The shell of an alligator snapping turtle is unmistakable. Giant ridges rise up giving the species an ancient look and in reality these creatures are not much different than dinosaurs of the past. Seeing pieces of shell and remnants of the skull of a large alligator snapper in hoop nets was an early lesson in conservation.
Me and my cousin Frank Moore found it in a slough on Adams Bayou on a low tide. Hoop nets are large, round nets that are designed to catch catfish by allowing them to swim in but offer no way to get out. The problem is nothing else can get out either.
And as a saw the remnants of the shattered giant in the net, I realize just how harmful these nets are. This was one we found and pulled out of the water because they are illegal in Texas. We called and reported it to a game warden warden when we got home and he said he has pulled numerous nets out of that bayou and others in the area.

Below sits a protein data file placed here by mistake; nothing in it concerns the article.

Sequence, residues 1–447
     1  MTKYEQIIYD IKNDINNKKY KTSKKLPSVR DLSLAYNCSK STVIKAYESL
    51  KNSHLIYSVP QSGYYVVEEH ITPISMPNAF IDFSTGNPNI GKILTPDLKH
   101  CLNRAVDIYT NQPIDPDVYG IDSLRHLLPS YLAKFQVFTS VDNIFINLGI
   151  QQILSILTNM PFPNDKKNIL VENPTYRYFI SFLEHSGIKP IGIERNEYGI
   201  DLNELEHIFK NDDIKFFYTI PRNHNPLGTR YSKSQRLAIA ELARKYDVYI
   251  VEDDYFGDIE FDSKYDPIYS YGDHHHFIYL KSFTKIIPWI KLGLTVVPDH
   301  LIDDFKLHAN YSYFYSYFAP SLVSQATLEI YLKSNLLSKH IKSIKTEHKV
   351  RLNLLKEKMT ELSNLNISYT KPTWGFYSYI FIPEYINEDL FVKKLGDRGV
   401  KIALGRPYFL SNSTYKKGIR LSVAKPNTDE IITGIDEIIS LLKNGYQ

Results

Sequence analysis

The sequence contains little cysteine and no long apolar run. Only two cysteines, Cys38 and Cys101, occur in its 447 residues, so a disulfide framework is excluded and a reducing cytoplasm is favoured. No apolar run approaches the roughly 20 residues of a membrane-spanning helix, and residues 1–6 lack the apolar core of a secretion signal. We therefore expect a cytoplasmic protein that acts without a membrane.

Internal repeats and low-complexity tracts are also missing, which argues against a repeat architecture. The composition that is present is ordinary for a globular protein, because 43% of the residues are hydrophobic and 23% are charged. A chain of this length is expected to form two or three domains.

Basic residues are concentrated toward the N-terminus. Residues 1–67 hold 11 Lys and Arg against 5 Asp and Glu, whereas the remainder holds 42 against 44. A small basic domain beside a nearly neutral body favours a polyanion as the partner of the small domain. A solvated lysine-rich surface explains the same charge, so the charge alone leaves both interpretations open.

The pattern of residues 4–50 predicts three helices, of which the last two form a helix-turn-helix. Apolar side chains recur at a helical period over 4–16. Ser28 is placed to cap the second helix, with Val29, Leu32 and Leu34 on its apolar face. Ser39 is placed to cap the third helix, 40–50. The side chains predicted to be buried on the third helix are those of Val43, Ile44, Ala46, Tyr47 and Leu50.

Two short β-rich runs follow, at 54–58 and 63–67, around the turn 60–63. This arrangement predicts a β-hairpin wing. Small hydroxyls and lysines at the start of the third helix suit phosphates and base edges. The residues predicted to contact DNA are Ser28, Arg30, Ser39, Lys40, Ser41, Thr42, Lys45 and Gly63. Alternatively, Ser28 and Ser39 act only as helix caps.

They are legal for use just across the border in Louisiana and in other states.
They kill untold numbers of turtles and nontarget fish and are extremely wasteful.
I have no doubt that a large part of the alligator snapping turtles demise in many areas is because of the presence of hoop nets that add to the problem of illegal harvest and dams blocking migration routes.
This is not unlike the problem of “ghost” crab traps along the bay systems of the United States. Commerical crabbers sometimes lose their traps to storms and other factors and they lie on the bottom continually killing crabs, various fish and in my home state of Texas the endangered diamondback terrapin, a small turtle that sometimes finds its way into these ghost traps.
Chester Moore, Jr.